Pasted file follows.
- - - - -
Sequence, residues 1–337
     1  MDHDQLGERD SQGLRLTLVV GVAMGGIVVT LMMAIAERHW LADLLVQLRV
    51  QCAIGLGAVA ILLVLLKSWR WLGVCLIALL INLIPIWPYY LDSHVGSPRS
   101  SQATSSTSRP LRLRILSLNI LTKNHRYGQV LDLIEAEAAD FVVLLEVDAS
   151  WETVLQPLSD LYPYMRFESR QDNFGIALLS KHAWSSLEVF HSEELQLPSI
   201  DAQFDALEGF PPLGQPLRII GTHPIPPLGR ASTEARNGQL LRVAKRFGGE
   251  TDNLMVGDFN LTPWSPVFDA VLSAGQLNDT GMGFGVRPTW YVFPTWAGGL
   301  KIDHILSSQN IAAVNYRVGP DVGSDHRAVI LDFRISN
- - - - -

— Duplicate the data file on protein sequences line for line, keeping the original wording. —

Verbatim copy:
Sequence, residues 1–337
     1  MDHDQLGERD SQGLRLTLVV GVAMGGIVVT LMMAIAERHW LADLLVQLRV
    51  QCAIGLGAVA ILLVLLKSWR WLGVCLIALL INLIPIWPYY LDSHVGSPRS
   101  SQATSSTSRP LRLRILSLNI LTKNHRYGQV LDLIEAEAAD FVVLLEVDAS
   151  WETVLQPLSD LYPYMRFESR QDNFGIALLS KHAWSSLEVF HSEELQLPSI
   201  DAQFDALEGF PPLGQPLRII GTHPIPPLGR ASTEARNGQL LRVAKRFGGE
   251  TDNLMVGDFN LTPWSPVFDA VLSAGQLNDT GMGFGVRPTW YVFPTWAGGL
   301  KIDHILSSQN IAAVNYRVGP DVGSDHRAVI LDFRISN